On the one hand, Piglovian taxes are certainly a useful function in that they may serve to deter a certain type of individual from perpetrating the crime or social offense (e.g. smoking, traffic violation, and alcohol). These individuals would typically be those who are low-risk in nature (not willing to run the risk of being caught), concerned with their money and unable to afford the economic consequent of being caught, rational (in stat economic issues factor higher than the emotional drive of being on a high does), and likely of a certain age (since adolescents, for instance, are more likely to remain undeterred by rational consequences and absorbed in the thrill of the moment.)
On the other hand, the concept of Piglovian taxes seem to me to be no different than that of the many other type of consequences that involve economic consequences just as much as taxing does.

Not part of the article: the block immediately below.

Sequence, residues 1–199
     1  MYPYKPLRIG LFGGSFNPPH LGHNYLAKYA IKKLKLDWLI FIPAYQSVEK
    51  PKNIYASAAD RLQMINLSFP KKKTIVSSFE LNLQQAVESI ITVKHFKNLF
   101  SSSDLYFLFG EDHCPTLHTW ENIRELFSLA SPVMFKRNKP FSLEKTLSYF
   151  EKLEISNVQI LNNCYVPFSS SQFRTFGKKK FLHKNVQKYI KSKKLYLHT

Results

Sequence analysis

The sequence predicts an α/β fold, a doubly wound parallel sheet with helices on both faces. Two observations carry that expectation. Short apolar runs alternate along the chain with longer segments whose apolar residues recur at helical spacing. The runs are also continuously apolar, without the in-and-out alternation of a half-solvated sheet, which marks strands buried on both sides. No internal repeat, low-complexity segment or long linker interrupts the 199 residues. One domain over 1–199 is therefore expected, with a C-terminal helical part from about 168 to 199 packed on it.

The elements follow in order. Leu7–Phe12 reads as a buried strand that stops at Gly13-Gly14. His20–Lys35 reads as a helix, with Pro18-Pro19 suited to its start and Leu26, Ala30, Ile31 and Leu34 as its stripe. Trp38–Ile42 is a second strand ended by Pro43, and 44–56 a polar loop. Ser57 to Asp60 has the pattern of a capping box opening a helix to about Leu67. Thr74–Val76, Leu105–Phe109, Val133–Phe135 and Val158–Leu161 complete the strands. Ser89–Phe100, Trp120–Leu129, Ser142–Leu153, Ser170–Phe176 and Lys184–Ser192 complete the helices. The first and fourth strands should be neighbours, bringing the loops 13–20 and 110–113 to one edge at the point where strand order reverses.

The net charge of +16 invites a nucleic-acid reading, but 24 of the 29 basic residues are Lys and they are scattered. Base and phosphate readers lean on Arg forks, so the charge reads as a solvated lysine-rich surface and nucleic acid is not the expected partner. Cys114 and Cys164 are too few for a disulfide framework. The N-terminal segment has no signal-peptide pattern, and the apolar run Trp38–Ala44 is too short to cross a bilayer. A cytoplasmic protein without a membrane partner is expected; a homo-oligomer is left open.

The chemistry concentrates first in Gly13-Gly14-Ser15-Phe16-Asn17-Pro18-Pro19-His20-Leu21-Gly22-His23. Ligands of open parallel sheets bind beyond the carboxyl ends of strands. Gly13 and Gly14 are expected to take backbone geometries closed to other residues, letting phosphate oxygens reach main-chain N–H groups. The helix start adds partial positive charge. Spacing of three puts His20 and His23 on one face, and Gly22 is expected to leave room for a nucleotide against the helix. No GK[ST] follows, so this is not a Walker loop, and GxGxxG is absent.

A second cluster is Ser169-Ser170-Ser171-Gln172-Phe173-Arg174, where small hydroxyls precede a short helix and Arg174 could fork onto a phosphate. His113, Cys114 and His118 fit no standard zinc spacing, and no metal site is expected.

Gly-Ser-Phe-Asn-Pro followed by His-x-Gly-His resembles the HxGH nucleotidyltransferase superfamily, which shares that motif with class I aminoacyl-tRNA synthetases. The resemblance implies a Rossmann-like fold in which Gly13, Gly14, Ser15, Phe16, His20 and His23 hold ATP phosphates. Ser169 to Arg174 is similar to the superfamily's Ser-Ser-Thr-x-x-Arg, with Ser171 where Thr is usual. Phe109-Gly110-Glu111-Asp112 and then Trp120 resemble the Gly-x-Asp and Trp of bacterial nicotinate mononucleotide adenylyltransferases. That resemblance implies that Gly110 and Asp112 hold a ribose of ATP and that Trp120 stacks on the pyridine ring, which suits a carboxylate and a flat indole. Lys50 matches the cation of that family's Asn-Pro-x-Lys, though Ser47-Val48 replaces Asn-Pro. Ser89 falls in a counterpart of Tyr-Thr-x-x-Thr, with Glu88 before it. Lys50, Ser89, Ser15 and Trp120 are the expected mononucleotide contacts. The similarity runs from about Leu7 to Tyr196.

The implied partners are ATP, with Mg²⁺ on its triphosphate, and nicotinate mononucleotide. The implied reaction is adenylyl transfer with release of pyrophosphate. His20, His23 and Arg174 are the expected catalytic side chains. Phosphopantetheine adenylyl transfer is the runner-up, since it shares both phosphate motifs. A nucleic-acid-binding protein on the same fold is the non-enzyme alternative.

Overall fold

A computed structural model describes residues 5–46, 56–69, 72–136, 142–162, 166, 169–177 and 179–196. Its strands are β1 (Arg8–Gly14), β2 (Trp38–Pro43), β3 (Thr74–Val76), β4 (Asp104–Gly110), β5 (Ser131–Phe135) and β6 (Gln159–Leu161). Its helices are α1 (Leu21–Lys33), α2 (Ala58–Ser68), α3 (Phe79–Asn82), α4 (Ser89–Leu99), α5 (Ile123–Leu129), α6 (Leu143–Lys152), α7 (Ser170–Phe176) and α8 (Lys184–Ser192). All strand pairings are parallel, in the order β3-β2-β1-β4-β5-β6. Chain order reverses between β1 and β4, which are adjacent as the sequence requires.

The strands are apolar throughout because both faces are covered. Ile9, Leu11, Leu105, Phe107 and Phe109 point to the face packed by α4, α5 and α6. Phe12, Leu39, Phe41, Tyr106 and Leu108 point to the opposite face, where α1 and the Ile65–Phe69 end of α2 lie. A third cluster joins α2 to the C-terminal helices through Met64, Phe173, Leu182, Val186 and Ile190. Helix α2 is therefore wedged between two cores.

Taking the example of drugs and evaluating the battery of response that America has employed to treat the situation, we see that America's endeavors in this regard are largely counterproductive. US penalties for drug involvement are severe. Third felony drug offences involving Substance I drugs carry a mandatory life sentence without possibility of release. The penalties also involve any sample carrying a certain amount of the proscribed drug, regardless of the material of the sample involved.
Contrast this with the environment that exists in eh Netherlands where drugs are categorized its drugs into